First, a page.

Top 15 Takeaways From Johann Hinnemann at the Adequan/USDF FEI-­Level Trainers Conference

Heather Blitz and Ripline

Loxahatchee, FL ­– January 25, 2016 – The Adequan/USDF FEI­Level Trainers Conference took place at High Meadow Farm in Loxahatchee, Florida, Jan. 18­19 with Johann Hinnemann. Hinnemann worked with a range of riders and horses from 4­year­ old horses to the progression to Grand Prix. He emphasized suppling, renewing each gait, and the importance of focusing on a clear goal. Here are the top 15 takeaways from Hinnemann:

1. In every stride, think about it being uphill. In every transition, think about the inside ear up. Control the poll up, but that does not mean pull or make the neck shorter. The horse should not get behind the bit.

2. Push the horse to the trusting contact. Picture you have a ping pong ball and you throw it to the wall. It goes there because your driving aid sends it there, and then it bounces back to you because it hits the wall.

3. Don’t give the horse a chance to get behind your leg at the canter. If he is behind, do not ask for the flying change; perform simple changes instead.

4. Before transitions, you need a clear half­halt. For the downward transition, think about a leg yield out to help with the suppleness and balance.

5. What is the most important thing when you start the half­pass? BEND! The rider should think “bend behind me” and not only focus on the front end of the horse flexing.

6. The horse needs to have a forward desire. Only when you have the horse in front of you can you do transitions forward and back.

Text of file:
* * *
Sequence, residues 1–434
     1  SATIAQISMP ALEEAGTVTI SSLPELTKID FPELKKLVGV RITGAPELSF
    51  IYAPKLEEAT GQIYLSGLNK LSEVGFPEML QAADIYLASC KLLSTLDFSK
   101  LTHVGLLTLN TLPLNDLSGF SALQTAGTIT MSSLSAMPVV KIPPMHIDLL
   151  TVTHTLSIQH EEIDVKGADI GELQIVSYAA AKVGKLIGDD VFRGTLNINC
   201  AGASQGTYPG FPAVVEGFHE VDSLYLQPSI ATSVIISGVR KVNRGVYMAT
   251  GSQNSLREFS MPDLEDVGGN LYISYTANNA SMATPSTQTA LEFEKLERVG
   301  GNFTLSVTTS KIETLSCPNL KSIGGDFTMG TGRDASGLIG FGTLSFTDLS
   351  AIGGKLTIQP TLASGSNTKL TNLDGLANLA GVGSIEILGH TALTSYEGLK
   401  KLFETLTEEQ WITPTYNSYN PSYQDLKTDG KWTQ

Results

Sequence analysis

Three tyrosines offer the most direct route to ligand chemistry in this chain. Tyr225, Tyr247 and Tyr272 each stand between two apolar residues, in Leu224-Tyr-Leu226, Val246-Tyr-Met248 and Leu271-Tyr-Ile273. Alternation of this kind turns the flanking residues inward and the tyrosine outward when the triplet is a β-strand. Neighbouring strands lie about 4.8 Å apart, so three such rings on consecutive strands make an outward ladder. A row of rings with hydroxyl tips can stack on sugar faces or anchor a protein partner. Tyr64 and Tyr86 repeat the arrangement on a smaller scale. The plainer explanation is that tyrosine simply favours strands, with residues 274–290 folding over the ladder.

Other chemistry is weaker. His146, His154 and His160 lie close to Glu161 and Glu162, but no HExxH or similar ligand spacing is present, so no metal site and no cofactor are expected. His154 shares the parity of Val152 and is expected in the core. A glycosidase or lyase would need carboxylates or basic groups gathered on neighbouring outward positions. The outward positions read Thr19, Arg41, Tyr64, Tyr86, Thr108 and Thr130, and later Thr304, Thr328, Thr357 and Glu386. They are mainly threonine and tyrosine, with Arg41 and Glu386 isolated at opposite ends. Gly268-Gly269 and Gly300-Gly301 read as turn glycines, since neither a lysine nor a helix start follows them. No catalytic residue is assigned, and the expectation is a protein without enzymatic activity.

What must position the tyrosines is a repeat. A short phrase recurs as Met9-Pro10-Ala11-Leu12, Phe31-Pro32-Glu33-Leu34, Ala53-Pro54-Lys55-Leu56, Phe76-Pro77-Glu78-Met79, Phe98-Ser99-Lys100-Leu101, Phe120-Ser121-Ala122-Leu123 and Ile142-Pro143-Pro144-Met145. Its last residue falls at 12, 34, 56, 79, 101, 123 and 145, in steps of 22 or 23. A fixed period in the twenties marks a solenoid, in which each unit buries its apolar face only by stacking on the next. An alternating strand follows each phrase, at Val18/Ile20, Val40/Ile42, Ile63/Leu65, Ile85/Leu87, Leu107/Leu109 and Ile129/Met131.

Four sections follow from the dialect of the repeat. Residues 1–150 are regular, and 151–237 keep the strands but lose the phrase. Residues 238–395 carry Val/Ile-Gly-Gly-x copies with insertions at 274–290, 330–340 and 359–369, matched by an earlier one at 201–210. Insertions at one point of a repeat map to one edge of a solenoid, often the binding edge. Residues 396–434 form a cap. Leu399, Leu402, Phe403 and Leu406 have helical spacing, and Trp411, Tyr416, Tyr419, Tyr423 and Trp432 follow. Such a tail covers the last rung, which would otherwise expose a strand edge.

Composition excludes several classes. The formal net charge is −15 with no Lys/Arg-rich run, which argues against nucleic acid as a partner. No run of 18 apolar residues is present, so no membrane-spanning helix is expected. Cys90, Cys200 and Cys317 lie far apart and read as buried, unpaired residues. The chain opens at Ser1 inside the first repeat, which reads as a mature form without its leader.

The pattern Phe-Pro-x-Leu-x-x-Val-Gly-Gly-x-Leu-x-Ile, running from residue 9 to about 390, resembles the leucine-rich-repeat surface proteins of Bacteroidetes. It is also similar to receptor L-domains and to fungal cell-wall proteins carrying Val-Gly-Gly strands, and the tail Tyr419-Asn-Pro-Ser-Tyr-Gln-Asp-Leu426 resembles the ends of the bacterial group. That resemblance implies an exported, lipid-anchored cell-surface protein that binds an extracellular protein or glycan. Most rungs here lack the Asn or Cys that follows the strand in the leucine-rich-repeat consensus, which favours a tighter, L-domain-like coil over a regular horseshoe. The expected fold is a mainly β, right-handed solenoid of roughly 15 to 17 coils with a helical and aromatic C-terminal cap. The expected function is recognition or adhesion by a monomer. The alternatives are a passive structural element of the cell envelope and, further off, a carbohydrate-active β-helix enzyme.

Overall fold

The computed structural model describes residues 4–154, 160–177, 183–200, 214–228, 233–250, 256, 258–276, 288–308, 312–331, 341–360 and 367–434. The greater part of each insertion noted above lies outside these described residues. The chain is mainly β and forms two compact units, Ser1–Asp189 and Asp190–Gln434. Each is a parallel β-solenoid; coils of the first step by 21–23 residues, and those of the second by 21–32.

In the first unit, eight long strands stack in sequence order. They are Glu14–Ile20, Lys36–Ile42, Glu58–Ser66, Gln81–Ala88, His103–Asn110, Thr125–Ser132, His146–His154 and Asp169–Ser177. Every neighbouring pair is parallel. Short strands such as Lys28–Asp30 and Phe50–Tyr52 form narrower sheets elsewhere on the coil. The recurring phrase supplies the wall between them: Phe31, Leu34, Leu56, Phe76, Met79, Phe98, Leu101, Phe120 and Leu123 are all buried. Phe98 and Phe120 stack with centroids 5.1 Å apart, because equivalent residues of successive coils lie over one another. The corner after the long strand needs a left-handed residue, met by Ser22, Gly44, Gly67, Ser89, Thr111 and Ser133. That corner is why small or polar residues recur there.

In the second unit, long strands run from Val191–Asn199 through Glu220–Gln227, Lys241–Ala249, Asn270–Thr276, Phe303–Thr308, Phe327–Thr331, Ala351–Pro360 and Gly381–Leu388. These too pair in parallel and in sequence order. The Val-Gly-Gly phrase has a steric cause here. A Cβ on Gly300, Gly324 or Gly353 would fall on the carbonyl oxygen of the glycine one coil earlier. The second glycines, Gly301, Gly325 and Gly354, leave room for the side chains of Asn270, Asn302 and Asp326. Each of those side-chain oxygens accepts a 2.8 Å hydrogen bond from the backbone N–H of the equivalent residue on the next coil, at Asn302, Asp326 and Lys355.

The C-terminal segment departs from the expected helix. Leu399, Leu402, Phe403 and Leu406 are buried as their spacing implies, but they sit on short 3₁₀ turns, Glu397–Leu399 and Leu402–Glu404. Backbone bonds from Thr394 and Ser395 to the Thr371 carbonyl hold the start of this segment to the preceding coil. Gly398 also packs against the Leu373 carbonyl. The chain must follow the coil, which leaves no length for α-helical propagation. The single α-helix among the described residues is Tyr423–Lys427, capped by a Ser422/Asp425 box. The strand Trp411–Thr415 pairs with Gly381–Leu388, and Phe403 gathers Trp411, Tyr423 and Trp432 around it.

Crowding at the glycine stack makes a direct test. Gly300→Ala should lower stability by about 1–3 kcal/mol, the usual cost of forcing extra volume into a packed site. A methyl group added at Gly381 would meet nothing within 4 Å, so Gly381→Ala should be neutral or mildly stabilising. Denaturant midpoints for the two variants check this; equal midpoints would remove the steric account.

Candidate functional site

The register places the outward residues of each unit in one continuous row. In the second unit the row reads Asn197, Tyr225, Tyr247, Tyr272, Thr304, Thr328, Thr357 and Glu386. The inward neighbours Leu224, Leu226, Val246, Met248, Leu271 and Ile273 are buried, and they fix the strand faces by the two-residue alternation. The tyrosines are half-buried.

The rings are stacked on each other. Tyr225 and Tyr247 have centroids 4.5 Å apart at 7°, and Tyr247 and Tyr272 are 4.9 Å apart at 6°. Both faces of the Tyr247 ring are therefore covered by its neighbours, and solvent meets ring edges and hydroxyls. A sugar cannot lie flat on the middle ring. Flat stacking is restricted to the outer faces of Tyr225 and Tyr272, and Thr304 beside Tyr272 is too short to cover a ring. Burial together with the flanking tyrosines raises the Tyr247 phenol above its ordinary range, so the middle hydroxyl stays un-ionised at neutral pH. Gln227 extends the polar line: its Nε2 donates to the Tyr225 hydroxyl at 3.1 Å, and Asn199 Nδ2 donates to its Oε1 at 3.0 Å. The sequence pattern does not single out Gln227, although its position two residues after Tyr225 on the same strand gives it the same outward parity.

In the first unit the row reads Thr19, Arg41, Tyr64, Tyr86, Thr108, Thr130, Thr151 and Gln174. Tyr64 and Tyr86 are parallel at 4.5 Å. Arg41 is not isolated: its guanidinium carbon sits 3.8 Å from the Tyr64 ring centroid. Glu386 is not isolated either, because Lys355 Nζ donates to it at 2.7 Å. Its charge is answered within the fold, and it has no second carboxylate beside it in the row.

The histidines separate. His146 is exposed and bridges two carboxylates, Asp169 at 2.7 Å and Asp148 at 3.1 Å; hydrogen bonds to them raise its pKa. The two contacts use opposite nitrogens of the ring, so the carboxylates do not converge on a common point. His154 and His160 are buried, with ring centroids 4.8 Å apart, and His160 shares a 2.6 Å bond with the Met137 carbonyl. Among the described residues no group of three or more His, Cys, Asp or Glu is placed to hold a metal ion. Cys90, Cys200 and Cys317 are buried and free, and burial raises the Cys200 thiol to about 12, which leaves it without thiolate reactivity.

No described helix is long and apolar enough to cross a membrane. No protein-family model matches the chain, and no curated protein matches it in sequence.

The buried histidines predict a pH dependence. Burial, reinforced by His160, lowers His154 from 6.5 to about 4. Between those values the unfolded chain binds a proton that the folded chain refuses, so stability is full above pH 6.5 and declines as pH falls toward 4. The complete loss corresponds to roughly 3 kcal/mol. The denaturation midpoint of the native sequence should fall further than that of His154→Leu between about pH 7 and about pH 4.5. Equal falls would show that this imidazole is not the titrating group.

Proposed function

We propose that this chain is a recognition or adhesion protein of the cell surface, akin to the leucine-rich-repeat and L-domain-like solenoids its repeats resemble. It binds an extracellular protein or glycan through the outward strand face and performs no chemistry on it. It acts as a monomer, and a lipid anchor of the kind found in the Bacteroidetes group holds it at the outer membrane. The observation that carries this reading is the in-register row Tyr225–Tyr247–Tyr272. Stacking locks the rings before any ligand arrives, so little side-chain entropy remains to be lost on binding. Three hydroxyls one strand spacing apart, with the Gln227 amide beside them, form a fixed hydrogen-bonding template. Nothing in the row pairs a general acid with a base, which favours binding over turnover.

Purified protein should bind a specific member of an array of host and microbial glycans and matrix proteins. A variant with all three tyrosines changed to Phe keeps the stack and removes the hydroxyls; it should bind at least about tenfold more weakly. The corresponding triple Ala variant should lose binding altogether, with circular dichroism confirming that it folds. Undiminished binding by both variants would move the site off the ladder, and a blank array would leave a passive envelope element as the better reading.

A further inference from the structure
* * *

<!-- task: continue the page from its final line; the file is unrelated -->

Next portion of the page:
7. The only moment that a horse can perform a flying change is in the moment of suspension. The more suspension, the more amount of time to change.

8. Trot-­canter transitions are one of the best exercises to get suppleness.

9. End the ride with your reins a little bit longer. This tests the horse’s true self­ carriage. If they cannot carry themselves, then there was artificial carriage created with the hands.

10. In the half­ pass, the horse’s head needs to be looking at the letter to which you are heading.

11. You need to think about the when and the where for every movement. If you have accuracy and expression, only then can you achieve high marks. Remember to transition into the letter.

12. When you have the horse through and supple at the trot and canter, then it will come through in the quality of the walk. You need to practice to let go. Make sure that the horse is really, really walking. Give the rein after the transition. Keep every movement active.

13. When you use your outside leg as too much of a pushing aid, you are losing your balance. You need to renew your straightness. It is not only that you have the sideways movement, but you need the expression and flexibility throughout your movements.

14. When you come into the arena and warm up the horse, you need to think about where you want to end up and focus on that goal of submission and suppleness. The idea is to develop exercises to make things better.

15. Only with the right seat and the right aids do you get the right result!

Ayden Uhlir and Sjapoer
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